Previous articleBeautiful Dreamers are weaving through cityNext articleCancellation: 4th of Four Plays Alan Jacqueshttp://www.limerickpost.ie WhatsApp Linkedin TAGSCllr Kevin SheahanDirect provisionDoras LuimníFianna FáilIntercultural CitieslimerickMayor of Limerick City and County Twitter Top Fianna Fáil councillor will reject Green coalition deal Fianna Fáil TD Niall Collins appointed as Minister of State NewsLocal NewsLimerick Mayor’s cat treated better than asylum seekersBy Alan Jacques – November 27, 2014 671 by Alan [email protected] up for the weekly Limerick Post newsletter Sign Up NEWLY designated Mayor of Limerick city and county Cllr Kevin Sheahan, has condemned Ireland’s treatment of asylum seekers and said he would not treat his cat in the fashion that they have been treated by the State.Speaking at the signing of the Intercultural Cities agreement with the Council of Europe in the city last week, the Fianna Fáil councillor highlighted the positive examples of cultural diversity in Limerick but condemned the negative impact of the system of Direct Provision.“I would not treat my cat in the fashion in which this country is treating asylum seekers. Men, women and children: some of whom who have been waiting a decade as applicants. So we can clap ourselves on the back but we are not lily white,” said Cllr Sheahan.Intercultural Cities is a Council of Europe and European commission initiative, which aims to build upon a network of cities worldwide by sharing examples of best practice on integration and intercultural collaboration.According to Doras Luimni integration policy officer, Dr Matt Cannon, the Mid-West migrant rights organisation initiated Limerick’s participation in the Intercultural Cities network in 2012. Dr Cannon also said it was great to see Limerick City and County Council and Limerick Integration Working Group taking on the challenge of intercultural integration and policy-making.“It is very encouraging to hear the words of support from the Cathaoirleach in regard to the plight of asylum seekers. This illustrates the usefulness of these networks, shared experience and learning on the issues relating to immigration and integration,” he added. Print Facebook Email Doras concerns about ongoing safety and wellbeing of residents in Direct Provision during Covid-19 Pandemic Decision to enter Phase 4 of reopening Ireland deferred to August 10 RELATED ARTICLESMORE FROM AUTHOR Advertisement Changes to the Student Support Scheme for people living in Direct Provision Limerick TD says GLAS payments welcome but ‘much more action’ needed to support Agri-sector
The date most associated with Harvard is 1636. It was on Oct. 28 of that year that the Massachusetts Bay Colony created the first institution of higher learning in the English New World.The gathering of immigrant Puritans described the school’s nearly imaginary creation in “New Englands First Fruits,” a 1643 publicity tract composed for the colony’s London backers. The new College, a “first flower in their wilderness,” was intended to prevent “an illiterate ministry,” the authors wrote, “when our present ministers shall lie in dust.”So why not call 1639 the most significant date? It was on March 13 of that year that the “Colledg at Newetowne,” 8 months old, was renamed Harvard. Just six months before, John Harvard, a Cambridge-educated minister living in Charlestown, had died at age 30. He bequeathed to the college 320 books and the princely sum of 779 pounds, 17 shillings, and two pence. To put that money in perspective, two decades later, the nearly penniless College gratefully recorded a gift of cotton worth nine shillings, along with a pewter flagon, a fruit dish, and a sugar spoon.Bear in mind the plebian source of John Harvard’s wealth. It came from his father and two stepfathers, who were, respectively, a butcher, a cooper, and a grocer. John Harvard himself had a sort of magical literary provenance. His parents, Robert and Katherine, were introduced by William Shakespeare.Or why not call 1642 Harvard’s primal year? It was then, in September, that the College held its first Commencement, graduating nine seniors. At least three soon crossed the Atlantic the other way, one to serve as a diplomat for the rebellious Oliver Cromwell and another to study medicine in Italy.Reverse migration was a concern; educated young men still felt the tug of Mother Europe. Of Harvard’s first 20 graduates, 12 moved to Europe, and only one returned. There was also a shortage of College entrants — teenage boys proficient in Latin and Greek who, once admitted, were willing also to take on Hebrew, Chaldee, and Syriac. During the rest of the 17th century there were no Harvard graduates in five of those years. In two others, 1652 and 1654, there was only a single graduate.In the Commencement of 1642, there was little that we would recognize today, other than that the ceremony opened with a staff being struck on the floor and was interrupted by copious eating and drinking. Exercises were conducted in Latin, including public “disputations” meant to illustrate a student’s grasp of ancient languages.Starting in 1642, in imitation of Old World universities, candidates for a bachelor of arts (A.B., or Artium Baccalaureus) posted broadsheet academic statements representing the scope of their work: theses, pro virile defenendae they were prepared to defend the morning of Commencement. Candidates for a master of arts (A.M., or Magister Artium) posted Quaestiones pro modulo discutiendae, single questions in logic, mathematics, or other fields that they answered that afternoon in the affirmative or negative.No one received a diploma, a tradition that started in 1813. If you wanted one, you paid a calligrapher to design and draw it. And class rank? That was set within a few months of your freshman year, based on the social standing of your parents. (After 1772, the names of graduates were listed alphabetically.) No honorary degrees were awarded until 1692, and the first for accomplishments outside of academics was bestowed in 1753. It went to Benjamin Franklin.At Harvard’s first Commencement, there were other stark differences. In 1642, Massachusetts Bay Colony settlements extended less than 30 miles along the Atlantic coastline and fewer than 20 miles inland. Harvard itself consisted of just two buildings along the southern edge of a cow yard. The “college,” tucked behind Peyntree House, where the first classes were held, was an E-shaped frame structure of complex jogs and gables. “Very faire and comely within and without,” and “too gorgeous for the wilderness,” observers wrote. It stood approximately where Grays Hall is now. To imagine the first Commencement, stand there. But add to your reverie the fact that nearly everything you hear is in Latin, except at meals; that the prayer hall is next to the buttery; and that Harvard made its own beer. Bring a halfpenny for every quart.In those days too, wolves still prowled what is present-day Cambridge Common. Beyond what is now Linnaean Street was a howling wilderness, a Grimm Brothers gloom hovering at the edge of fairy-tale Harvard. The barrier of forest and beasts was so daunting that it took the Puritan founders of Cambridge another century to spread their settlement as far north as present-day Rindge Avenue, a mile from Harvard Square.All around was “unexplored wilderness — extending over … fragile dwellings its fear-inspiring shades,” wrote historian Josiah Quincy III of the College’s first years. “In the night,” added this Harvard president (1829-1845), “slumbers were broken by the howl of the wild beast, or by the yell and the warwhoop of the savage.” Contemporary feelings and fears were laid bare in “New Englands First Fruits,” whose first page says of Native Americans, “our very bowels yerning within us to see them go downe to Hell by swarms without remedy.” About 30 years after Harvard’s first Commencement came the violent King Philip’s War, in which 12 colonial towns were destroyed and 10 percent of white men of military age were killed, along with untold Native Americans.But just south of the College in 1642 was spread a pleasing footprint of civilization. Cambridge, the first planned town in New England, was a neat grid of streets, curving in one place only because a stream gave Crooked Lane (now Holyoke Street) its name. Near the corner of present-day Winthrop and J.F.K. streets was a wharf for ocean-going ships. They sailed up the tidal Charles River, then glided north along a dredge-deepened creek. Until nearly 1830, timber was off-loaded there from a Harvard-owned forest in Maine, harvested so student rooms could be heated in winter.Harvard sold its interest in the timber ship shortly before another auspicious date in the history of Commencement: 1836, when the college marked its 200th year, and when Harvard first consciously celebrated itself. Before then, finances and the restraining modesty of Puritan tradition made such celebrations unlikely. Consider, for instance, 1736, when Harvard could have celebrated its first hundred years, a numerical moment that today universally prompts remembrance and rejoicing. The College’s earliest historian, Benjamin Peirce, skipped over the date entirely.And new rules of that era were promulgated “for reforming the Extravagancys of Commencements,” a contemporary wrote. Liquor was banned, along with plum cake, boiled and roasted meats, “Pyes of any kind,” and “unsuitable and unreasonable dancings.”By 1836, “dancings” were a joyful fixture at Commencements, and lasted through most of the 20th century. Today, it’s hard to imagine squeezing 20,000 Harvard celebrants onto any dance floor, even to mark a 375th anniversary. Still, they could give dancings a try. Just keep an eye out for wolves.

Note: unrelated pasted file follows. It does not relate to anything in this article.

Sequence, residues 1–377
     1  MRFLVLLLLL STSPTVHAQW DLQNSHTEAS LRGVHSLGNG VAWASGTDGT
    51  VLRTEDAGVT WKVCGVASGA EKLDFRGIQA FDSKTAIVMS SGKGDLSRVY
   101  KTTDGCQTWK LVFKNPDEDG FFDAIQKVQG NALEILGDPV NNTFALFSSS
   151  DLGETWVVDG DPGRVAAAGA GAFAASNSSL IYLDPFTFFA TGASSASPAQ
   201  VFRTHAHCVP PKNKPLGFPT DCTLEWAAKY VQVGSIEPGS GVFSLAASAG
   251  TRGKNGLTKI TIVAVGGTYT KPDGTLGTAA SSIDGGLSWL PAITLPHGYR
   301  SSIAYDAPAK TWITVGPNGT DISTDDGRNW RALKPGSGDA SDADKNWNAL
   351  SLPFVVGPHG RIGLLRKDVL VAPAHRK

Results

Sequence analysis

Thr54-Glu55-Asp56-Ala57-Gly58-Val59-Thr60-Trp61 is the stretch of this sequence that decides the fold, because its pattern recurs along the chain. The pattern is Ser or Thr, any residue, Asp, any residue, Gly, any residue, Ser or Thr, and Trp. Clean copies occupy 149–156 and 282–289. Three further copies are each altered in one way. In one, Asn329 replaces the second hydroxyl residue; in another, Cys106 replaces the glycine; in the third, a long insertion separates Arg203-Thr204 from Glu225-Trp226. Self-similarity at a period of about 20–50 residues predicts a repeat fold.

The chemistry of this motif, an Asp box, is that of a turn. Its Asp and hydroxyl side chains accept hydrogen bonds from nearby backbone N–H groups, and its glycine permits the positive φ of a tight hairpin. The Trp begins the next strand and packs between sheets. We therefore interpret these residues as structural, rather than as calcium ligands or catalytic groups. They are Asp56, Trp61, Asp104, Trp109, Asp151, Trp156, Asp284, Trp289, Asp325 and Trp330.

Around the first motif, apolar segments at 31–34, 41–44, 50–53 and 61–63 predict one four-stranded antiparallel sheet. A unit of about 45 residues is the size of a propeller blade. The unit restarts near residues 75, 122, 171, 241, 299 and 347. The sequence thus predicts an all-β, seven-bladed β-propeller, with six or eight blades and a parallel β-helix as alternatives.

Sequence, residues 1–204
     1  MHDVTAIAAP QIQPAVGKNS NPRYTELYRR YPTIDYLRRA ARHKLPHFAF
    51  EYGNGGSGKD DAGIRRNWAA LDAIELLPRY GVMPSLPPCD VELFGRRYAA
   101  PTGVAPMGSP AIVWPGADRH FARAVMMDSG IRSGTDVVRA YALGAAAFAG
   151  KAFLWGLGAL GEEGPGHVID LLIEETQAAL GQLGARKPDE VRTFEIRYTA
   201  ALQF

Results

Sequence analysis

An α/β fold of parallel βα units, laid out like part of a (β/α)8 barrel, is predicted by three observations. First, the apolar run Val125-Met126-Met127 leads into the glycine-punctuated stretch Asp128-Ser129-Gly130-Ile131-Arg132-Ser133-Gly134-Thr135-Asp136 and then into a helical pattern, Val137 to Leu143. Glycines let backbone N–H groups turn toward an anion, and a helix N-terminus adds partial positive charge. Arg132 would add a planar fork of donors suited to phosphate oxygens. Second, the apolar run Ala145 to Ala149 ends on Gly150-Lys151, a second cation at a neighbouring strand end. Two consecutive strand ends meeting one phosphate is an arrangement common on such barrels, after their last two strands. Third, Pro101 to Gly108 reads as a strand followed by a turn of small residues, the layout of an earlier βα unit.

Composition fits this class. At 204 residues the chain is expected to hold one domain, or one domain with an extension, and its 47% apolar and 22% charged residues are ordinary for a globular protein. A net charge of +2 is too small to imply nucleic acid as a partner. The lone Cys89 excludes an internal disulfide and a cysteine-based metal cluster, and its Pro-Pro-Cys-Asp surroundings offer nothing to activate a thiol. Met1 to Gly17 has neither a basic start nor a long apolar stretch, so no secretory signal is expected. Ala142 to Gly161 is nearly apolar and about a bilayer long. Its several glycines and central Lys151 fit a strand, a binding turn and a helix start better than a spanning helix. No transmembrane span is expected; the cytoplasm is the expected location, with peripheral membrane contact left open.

UK defined contribution (DC) pension schemes are struggling to find the right form of measurement to assess their effectiveness, according to Aon’s latest survey, How do you Measure up? UK Defined Contribution Pension Survey 2020.The study, which looked at more than 200 UK DC schemes, covering more than half a million members and £50bn (€59.5bn) in assets, showed that respondents want to offer competitive, ‘good value’ DC schemes – with most wanting to do more than the minimum level required – but many are not measuring whether they are succeeding in meeting their objectives.John Foster, principal consultant at Aon, said: “While it’s right that there has been a strong focus on what is being paid into DC schemes, it’s vital that the focus is not just on the short term but just as strong on what the outcome will be.“We have been actively helping sponsors and trustees of DC schemes to set objectives aligned to individual member needs as well as meeting the employer’s strategic goals.” Key findings include:More schemes aim to benchmark contribution rates against thier peers, than aim to deliver sufficient funds for employees to retire;One in three schemes do not measure progress against their objectives;65% of respondents do not know the projected outcome for a typical pension scheme member;Just 25% of employers consider pension outcomes in the context of future workforce planning;One in three trust-based and one in five contract-based schemes plan to move to a master trust structure in the next five years;65% of respondents said they would like to spend more time communicating with employees on pensions.Foster said it is essential to “make sure that there are robust measures in place to be able to check progress against these objectives and to identify where resources can be best focused”.He added, however, that at the moment “we feel that the measurement process is rather hit and miss and doesn’t actively demonstrate value”.Jo Sharples, partner and head of DC investment proposition at Aon, believes there could be value in moving into a master trust structure.“Many schemes are moving to a master trust structure to help with their aim of delivering better member outcomes. We believe that this could help them to free up time and resource to focus on retirement adequacy or for the master trust providers themselves to pick up on the adequacy challenge,” she said.She added: “It is imperative that those running pension schemes understand the areas where they can really add value and which areas could better be delivered through a professional third party.”Retirement standardsThe recent launch by the Pensions & Lifetime Savings Association (PLSA) of its Retirement Living Standards, has highlighted the progress that many DC schemes need to make, and it is generally clear that the industry has a long way to go to reach the PLSA’s aim of 90% of schemes using targets to help members understand how much they need to fund their retirement.Steven Leigh, senior consultant at Aon, said: “The PLSA’s Retirement Living Standards is a great initiative to get people thinking about how much they really need to be able to retire in the way and at the time they would choose. However, it also important to remember that a DC pension will not be the only source of income in retirement for most.”Aon is working with schemes to help their members understand the entirety of their likely retirement wealth, which could include the state pension, pensions from previous employment and other savings so that they can see how much they will actually need to aim for from their current DC scheme, he explained.“The forthcoming pensions dashboard could provide an industry-wide solution for the pensions savings aspect, but until then the onus is on individual schemes or employers to provide an holistic view of likely income in retirement,” he said.